A considerable amount of progress has been made with respect to these issues. Shortly before the 2008 Spring meetings of the International Monetary and Finance Committee, the Fund approved two separate amendments to the Articles of Agreement that would modernize both its income and governance structure. In addition, in the summer of 2007, the Fund overhauled the legal framework it relies upon to assess members’ exchange rate policies.
The financial crisis that swept through the global economy in the fall of 2008 further accelerated the reform process. In the lending area, a key breakthrough has been the establishment of the Flexible Credit Line, which has enabled the Fund to commit large amounts of financing to members on a precautionary basis. In other areas, however, the crisis has only served to underline the need for further reform. Perhaps most importantly, recent events demonstrate that the Fund’s capacity to fashion and implement global responses to global problems is likely to require further reforms in its governance structure, with a view to giving emerging markets a greater voice in the decision making process.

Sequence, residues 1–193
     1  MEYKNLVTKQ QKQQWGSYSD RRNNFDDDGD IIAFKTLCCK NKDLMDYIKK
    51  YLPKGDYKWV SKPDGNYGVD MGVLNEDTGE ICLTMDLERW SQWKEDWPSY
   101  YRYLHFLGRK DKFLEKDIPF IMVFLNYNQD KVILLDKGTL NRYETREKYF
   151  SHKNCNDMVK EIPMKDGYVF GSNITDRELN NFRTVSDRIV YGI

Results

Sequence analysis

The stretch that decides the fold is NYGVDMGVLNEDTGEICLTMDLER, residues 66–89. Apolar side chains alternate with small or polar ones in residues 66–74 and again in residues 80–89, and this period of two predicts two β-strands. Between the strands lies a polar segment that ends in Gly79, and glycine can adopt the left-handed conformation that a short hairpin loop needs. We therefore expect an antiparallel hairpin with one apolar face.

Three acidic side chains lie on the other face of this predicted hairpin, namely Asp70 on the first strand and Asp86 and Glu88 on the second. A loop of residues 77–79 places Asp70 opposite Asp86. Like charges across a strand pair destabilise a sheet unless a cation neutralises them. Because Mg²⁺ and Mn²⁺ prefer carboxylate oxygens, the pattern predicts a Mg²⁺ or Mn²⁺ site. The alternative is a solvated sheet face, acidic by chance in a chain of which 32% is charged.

This Article discusses the reforms that have taken place to date and their implications for the Fund and its membership going forward.
Revising the Legal Framework for Surveillance
Article IV of the Articles sets forth obligations of members regarding both their exchange rate policies and those domestic policies that have an impact on their exchange rates. (See Box 1.)
The current text of Article IV was incorporated into the Articles by the Second Amendment of the Articles of Agreement in 1978 (the “Second Amendment”).4 Prior to the Second Amendment, a member had to express the value of its currency in terms of gold, either directly or through the U.S. dollar. A member who changed the value of its currency beyond a certain limit without the concurrence of the Fund would become ineligible to use the Fund’s resources. Under the Articles, the Fund could concur only if it was satisfied that the change was necessary to correct a “fundamental disequilibrium.”5
With the adoption of the Second Amendment, members were given flexibility with respect to their choice of exchange arrangement, which could include, for example, a floating exchange rate. However, it did not abandon the principle that exchange rates are a matter of international concern. In this respect, the present text of Article IV represents a delicate political compromise among the Fund’s members and, as is sometimes the case with language that is the product of negotiation, a number of terms are vague and obscure.
Box 1Article IV. Obligations Regarding Exchange Arrangements
Section 1. General obligations of members